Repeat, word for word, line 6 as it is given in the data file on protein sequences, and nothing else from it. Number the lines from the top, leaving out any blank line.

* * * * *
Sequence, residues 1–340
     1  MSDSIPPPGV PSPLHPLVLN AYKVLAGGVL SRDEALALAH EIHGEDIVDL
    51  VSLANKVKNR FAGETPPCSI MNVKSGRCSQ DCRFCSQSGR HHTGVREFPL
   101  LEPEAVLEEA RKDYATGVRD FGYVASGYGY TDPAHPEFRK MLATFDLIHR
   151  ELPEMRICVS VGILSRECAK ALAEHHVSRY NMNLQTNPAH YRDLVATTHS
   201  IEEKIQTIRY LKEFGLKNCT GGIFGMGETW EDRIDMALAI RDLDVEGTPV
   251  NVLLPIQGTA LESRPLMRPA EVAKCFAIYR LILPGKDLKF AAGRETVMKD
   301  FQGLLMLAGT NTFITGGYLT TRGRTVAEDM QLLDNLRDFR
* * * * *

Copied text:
   201  IEEKIQTIRY LKEFGLKNCT GGIFGMGETW EDRIDMALAI RDLDVEGTPV